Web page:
What is Successful Money Management?
Let’s begin by defining “manage”. To manage, is to take charge, or care of. It also means to handle, to direct, to govern, or to control, in action or use.
I will simplify it, to handle and control. Therefore ” Successful Money Management ” is the proper handling and control of your Money.
When researching money management, it quickly becomes apparent why many people, especially at the High-School Level of education, have so much trouble managing their money.
They do not have a working knowledge of the vocabulary and terminology. Managing the money you earn, is one of the most important skills you can master. This is not a question of choice. This is an essential survival skill.
Why is money management so important?
The word money is resting under a bad cloud. Is it any wonder that many people are struggling with money?
The long and the short of it is, that we receive little to no instruction, on money management during our entire educational lifetime, therefore, we are left with only two choices. We learn about money from our parents, or we must learn about it by ourselves, often the hard way.
Our Elementary and High School years are filled with subject courses, on everything and anything, that is of little to no value. Rarely are we ever offered a serious or productive thought, on how to manage money wisely.
It’s always better to learn something the easy way. This is why I am including this series of posts on money.
It is just as important to learn how to manage the money you earn, as it is to learn how to earn the money itself.
The general consensus is that if we earn more, life gets better. This is generally true, but if you cannot manage small amounts of money, you will most likely not be able to manage larger amounts.
We simply have to look at the Credit Card issue to prove this case. The higher the credit limit, the higher the debt we accumulate. Credit cards are not money you have, they are debt you accumulate.
If you are not able to pay the full balance at the end of the month, you are headed for trouble.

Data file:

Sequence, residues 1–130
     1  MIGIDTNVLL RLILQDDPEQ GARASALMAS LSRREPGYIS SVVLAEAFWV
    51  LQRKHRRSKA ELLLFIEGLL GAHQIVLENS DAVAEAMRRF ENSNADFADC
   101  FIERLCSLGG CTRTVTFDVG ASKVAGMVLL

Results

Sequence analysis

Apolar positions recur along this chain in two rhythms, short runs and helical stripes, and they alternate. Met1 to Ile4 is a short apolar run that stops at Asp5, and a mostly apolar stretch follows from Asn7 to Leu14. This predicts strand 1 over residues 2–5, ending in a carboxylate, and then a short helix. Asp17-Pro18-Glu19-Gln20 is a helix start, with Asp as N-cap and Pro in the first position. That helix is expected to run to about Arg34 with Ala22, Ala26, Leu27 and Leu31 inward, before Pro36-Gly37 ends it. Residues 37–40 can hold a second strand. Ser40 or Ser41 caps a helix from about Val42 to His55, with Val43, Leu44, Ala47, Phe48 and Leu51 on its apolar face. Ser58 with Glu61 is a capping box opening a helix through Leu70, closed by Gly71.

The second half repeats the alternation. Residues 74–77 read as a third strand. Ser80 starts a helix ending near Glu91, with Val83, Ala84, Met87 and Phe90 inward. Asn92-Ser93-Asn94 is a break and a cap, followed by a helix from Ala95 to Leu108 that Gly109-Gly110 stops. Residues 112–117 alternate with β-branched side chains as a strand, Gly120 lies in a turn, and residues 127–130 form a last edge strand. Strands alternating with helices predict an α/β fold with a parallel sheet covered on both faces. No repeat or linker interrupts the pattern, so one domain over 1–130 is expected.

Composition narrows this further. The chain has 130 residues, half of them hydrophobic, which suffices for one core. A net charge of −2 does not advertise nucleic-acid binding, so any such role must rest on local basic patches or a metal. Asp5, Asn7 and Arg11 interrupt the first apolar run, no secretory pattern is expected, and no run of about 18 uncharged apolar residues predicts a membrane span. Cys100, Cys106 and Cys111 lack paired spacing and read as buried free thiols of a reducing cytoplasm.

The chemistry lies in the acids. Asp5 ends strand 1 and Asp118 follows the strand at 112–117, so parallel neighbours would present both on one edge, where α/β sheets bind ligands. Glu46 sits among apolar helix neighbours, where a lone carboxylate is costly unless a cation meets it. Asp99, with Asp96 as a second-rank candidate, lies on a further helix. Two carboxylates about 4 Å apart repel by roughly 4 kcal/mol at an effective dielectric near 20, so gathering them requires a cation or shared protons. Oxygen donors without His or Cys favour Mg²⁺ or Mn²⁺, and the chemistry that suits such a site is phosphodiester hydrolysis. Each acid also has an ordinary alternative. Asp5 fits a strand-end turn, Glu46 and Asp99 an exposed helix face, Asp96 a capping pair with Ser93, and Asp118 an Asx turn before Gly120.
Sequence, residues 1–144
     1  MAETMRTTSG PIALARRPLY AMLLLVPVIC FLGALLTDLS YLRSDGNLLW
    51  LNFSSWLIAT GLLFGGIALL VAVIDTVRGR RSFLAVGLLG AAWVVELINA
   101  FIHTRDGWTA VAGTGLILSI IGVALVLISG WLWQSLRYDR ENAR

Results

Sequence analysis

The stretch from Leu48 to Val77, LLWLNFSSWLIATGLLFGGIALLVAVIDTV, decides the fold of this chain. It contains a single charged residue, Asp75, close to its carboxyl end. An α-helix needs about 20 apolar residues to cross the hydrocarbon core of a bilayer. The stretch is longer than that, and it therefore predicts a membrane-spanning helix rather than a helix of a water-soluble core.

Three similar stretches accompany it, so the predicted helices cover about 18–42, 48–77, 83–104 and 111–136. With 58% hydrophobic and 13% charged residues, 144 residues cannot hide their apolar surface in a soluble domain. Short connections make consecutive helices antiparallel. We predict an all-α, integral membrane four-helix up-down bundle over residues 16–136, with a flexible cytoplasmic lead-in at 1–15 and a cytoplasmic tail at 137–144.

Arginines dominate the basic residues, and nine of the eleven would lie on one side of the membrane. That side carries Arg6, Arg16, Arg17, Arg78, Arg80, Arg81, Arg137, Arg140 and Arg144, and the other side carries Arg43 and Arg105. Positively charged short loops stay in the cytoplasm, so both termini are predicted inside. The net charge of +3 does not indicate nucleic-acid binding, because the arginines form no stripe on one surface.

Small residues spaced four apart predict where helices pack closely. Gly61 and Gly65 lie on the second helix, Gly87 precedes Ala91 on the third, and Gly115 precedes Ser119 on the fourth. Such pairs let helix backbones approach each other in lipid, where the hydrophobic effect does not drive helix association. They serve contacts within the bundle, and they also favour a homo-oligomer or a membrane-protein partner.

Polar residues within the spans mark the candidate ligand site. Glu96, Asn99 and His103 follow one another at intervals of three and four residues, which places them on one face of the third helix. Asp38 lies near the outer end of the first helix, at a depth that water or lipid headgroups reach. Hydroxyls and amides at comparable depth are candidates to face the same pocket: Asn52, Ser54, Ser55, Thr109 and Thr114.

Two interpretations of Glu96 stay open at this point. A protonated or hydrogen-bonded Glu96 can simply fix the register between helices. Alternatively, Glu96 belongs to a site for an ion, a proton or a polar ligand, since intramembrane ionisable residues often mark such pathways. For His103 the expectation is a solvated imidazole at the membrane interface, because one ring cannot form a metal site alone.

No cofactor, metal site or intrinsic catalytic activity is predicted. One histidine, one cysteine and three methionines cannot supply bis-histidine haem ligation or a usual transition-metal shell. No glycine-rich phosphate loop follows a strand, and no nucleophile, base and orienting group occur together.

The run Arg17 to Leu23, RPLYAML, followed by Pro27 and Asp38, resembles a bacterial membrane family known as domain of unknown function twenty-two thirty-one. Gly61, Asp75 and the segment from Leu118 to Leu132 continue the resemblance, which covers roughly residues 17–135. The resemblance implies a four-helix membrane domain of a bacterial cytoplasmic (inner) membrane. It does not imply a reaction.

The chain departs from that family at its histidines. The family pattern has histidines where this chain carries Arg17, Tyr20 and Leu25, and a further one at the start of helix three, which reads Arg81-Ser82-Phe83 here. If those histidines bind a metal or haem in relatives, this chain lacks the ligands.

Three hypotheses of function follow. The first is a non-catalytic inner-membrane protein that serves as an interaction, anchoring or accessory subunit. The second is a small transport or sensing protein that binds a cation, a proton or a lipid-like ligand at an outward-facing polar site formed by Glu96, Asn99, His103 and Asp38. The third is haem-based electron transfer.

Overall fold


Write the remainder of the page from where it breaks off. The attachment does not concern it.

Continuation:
If you use them wisely, and what they were intended for, then they are your friend.
No need to carry cash, tap or swipe, and done. Seems almost painless, until the monthly statement arrives.
My Simple Formula on Money Management
I, like many others, struggled for years with managing my money. For some crazy reason, I had forgotten to use the Arithmetic that I had learned in Elementary School, and that was simple Addition and Subtraction.
Add all your monthly income AND … Subtract all your expenses.
Sounds easy, and it is. This is the most basic of all money theory. You must learn to spend LESS than you earn. This is why we need to keep a very close eye on our money. Forget your feelings about money. Money has NO feelings. It only understands and reacts to Mathematics.
The money problems begin much earlier than people realize. They begin with feelings. Thoughts and ideas of why we need things we cannot afford. Unless the purchase is for a medical or other such emergency, the rigid rule of thumb is, if you cannot afford it, … don’t buy it.
I’m not suggesting that you should live like a hermit in a mountain cave, however, you should always ask yourself WHY, you are purchasing a $9.00 coffee that requires 10 words to describe it to your barista, if you are struggling to pay your bills at the end of the month.